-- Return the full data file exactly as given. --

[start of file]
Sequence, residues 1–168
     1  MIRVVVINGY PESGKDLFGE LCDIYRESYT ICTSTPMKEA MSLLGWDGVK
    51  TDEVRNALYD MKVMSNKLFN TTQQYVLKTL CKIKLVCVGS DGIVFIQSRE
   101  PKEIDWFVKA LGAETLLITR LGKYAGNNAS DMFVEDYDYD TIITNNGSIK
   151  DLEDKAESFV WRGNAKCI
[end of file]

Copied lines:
Sequence, residues 1–168
     1  MIRVVVINGY PESGKDLFGE LCDIYRESYT ICTSTPMKEA MSLLGWDGVK
    51  TDEVRNALYD MKVMSNKLFN TTQQYVLKTL CKIKLVCVGS DGIVFIQSRE
   101  PKEIDWFVKA LGAETLLITR LGKYAGNNAS DMFVEDYDYD TIITNNGSIK
   151  DLEDKAESFV WRGNAKCI